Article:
Capitol Police officer dies days after shocking riots, suicide suspected

Howard Liebengood was a 15-year veteran who was in the thick of last Wednesday’s turmoil.

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Pro-Trump protesters attempting to break through a police barrier at the Capitol in Washington
Pro-Trump protesters attempting to break through a police barrier at the Capitol in Washington on Jan. 6, 2021
(John Minchillo/AP)

The deadly fallout from last week’s shocking riots in the Capitol continued at the weekend after it emerged a longtime member of the Capitol Police has died.

Howard Liebengood, a 15-year veteran of the service, passed just days after being involved in the response to Wednesday’s deadly riot in the halls of Congress.

Liebengood, who is said to have died on Saturday, was 51 years old. His death was announced in a statement from the Capitol Police on Sunday. Numerous media reported that law enforcement suspect his death was a suicide.

Four other people, including an unarmed Trump supporter, died after Wednesday’s storming of the Capitol during a congressional hearing certifying Joe Biden’s election victory.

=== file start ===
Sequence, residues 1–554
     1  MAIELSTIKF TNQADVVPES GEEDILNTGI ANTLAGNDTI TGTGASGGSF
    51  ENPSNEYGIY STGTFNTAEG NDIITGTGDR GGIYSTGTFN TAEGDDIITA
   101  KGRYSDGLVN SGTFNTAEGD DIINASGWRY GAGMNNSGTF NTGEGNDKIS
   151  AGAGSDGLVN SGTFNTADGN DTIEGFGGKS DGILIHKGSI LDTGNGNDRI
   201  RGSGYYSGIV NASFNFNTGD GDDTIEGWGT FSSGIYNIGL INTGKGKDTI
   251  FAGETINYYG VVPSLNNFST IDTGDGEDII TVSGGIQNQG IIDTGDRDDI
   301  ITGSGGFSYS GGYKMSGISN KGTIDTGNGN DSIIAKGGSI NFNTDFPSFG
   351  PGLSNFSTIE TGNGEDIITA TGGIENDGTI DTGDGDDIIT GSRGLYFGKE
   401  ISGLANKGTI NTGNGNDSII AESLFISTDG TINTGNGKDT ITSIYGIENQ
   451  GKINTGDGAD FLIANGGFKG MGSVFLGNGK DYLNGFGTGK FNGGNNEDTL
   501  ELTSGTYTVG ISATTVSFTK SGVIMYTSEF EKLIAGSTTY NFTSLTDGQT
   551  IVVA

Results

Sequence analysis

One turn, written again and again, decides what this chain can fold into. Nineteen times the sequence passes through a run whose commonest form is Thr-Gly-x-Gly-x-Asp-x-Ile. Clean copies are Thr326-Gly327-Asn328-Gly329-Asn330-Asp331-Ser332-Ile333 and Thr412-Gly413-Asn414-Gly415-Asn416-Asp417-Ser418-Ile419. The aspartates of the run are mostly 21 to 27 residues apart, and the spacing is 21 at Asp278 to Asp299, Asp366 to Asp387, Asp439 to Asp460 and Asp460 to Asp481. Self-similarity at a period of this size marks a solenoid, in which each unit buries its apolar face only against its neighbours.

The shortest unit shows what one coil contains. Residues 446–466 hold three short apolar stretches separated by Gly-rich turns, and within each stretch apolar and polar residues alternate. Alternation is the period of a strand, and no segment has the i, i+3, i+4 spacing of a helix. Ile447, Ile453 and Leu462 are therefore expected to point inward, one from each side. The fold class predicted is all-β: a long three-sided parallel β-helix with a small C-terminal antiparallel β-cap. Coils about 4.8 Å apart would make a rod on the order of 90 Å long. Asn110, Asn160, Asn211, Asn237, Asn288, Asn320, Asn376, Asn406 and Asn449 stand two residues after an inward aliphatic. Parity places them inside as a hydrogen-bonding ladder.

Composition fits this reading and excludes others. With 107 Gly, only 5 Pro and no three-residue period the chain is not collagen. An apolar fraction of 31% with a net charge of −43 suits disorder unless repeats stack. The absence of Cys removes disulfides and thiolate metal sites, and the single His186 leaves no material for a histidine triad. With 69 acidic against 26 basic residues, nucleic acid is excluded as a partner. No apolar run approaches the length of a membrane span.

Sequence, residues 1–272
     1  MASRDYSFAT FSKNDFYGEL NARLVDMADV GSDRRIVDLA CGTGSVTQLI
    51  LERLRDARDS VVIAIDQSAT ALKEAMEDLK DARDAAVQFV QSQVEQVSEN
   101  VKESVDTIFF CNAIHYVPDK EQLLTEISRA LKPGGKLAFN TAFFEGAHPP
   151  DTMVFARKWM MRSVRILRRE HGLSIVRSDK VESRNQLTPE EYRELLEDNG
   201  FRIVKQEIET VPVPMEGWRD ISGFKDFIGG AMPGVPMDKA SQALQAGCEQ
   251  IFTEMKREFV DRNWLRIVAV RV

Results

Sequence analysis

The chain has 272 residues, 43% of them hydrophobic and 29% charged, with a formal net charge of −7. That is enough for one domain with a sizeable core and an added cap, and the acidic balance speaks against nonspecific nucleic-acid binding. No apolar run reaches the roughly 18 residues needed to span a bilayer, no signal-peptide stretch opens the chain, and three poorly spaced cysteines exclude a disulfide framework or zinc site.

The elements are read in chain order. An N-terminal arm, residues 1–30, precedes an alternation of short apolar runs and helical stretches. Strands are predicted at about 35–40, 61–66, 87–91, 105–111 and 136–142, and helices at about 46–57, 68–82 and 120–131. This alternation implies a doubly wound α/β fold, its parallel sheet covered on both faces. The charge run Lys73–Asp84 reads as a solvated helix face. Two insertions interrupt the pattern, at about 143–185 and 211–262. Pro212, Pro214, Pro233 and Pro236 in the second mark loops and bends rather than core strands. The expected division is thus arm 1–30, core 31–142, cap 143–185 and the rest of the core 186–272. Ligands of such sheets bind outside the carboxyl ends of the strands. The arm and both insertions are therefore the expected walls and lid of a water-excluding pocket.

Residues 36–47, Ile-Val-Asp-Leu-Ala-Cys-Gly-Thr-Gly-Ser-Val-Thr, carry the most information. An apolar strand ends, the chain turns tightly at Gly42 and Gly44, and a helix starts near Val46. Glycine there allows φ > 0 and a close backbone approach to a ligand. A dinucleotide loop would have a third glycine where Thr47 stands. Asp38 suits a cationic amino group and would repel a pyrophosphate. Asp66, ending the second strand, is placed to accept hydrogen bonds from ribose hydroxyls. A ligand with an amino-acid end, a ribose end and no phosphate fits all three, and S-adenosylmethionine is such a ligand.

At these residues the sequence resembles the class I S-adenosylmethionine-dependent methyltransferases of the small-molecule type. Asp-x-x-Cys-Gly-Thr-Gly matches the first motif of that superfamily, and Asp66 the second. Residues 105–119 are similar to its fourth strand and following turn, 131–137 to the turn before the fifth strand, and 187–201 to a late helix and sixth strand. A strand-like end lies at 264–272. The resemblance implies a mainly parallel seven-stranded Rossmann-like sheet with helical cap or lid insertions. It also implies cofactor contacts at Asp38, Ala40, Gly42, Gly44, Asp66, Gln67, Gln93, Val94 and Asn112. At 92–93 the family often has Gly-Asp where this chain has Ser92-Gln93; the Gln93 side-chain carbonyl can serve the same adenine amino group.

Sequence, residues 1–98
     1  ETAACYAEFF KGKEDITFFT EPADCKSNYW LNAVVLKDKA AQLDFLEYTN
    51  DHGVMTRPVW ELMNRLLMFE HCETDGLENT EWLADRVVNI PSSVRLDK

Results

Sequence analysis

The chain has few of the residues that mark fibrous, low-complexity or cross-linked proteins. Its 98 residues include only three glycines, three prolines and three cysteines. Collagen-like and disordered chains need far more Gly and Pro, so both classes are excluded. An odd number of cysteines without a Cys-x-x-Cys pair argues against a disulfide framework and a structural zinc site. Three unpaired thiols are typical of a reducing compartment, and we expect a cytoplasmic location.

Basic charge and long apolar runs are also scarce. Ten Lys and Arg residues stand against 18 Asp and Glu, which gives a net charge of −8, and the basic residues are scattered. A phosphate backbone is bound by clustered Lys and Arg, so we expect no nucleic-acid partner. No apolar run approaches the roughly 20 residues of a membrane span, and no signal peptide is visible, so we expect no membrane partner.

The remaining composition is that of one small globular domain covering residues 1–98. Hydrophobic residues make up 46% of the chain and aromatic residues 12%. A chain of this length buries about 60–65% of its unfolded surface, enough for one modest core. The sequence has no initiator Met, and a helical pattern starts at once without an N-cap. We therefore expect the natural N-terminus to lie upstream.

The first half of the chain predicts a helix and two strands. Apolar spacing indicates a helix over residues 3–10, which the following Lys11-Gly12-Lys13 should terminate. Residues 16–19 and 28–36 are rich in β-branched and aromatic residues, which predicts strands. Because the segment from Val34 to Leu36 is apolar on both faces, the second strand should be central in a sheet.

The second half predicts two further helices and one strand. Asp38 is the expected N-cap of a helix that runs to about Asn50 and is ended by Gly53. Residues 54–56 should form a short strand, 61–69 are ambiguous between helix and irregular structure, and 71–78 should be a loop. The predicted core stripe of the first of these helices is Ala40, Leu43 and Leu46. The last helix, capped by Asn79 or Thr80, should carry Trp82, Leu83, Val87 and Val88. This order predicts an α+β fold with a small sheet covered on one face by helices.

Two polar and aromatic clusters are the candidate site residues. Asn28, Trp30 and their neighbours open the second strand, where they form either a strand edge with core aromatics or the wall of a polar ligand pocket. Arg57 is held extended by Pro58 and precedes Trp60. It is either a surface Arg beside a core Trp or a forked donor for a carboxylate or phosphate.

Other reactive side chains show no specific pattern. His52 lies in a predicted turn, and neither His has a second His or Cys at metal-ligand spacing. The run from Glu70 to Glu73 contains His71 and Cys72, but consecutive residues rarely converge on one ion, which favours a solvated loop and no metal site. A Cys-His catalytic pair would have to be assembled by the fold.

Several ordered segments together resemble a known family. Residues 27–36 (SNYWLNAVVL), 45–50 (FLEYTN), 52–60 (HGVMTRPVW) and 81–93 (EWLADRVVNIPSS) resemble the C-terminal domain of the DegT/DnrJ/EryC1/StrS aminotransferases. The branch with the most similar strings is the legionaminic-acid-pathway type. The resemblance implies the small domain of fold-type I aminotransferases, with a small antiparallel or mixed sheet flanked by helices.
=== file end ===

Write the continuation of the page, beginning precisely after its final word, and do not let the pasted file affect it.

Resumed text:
“Every Capitol Police Officer puts the security of others before their own safety and Officer Liebengood was an example of the selfless service that is the hallmark of USCP,” Capitol Police Union Chairman Gus Papathanasiou said in a statement. “This is a tragic day.”

Liebengood joined the force in 2005 and was assigned to the Senate division.

He is the son of former Senate Sergeant-At-Arms Howard S. Liebengood.

Liebengood’s death adds to the turmoil among law enforcement at the Capitol following Wednesday’s riot.

The department is still mourning Officer Brian Sicknick, who was pepper-sprayed and fatally bludgeoned with a fire extinguisher.

The department itself is under intense scrutiny for the ease with which the mob overwhelmed Capitol Police and forced their way into the seat of American democracy.

U.S. Capitol Police Chief Steven Sund resigned on Friday, earlier than expected, following criticism of his handling of the crowds that stormed the Capitol.

Paul Irving and Michael Stenger, the respective House and Senate sergeant-at-arms, are stepping down as well.

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